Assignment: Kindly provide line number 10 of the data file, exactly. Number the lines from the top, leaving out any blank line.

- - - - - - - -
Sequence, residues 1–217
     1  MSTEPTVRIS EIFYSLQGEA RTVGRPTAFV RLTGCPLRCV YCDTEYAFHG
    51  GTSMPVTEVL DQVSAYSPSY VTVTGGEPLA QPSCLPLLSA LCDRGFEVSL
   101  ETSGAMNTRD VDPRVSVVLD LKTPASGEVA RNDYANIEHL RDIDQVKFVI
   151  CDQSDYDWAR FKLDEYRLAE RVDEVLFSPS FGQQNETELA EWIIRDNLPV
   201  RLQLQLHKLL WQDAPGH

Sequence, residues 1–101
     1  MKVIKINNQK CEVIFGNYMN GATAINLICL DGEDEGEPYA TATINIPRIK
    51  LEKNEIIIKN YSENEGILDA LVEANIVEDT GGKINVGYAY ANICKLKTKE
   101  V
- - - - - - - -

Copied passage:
   101  V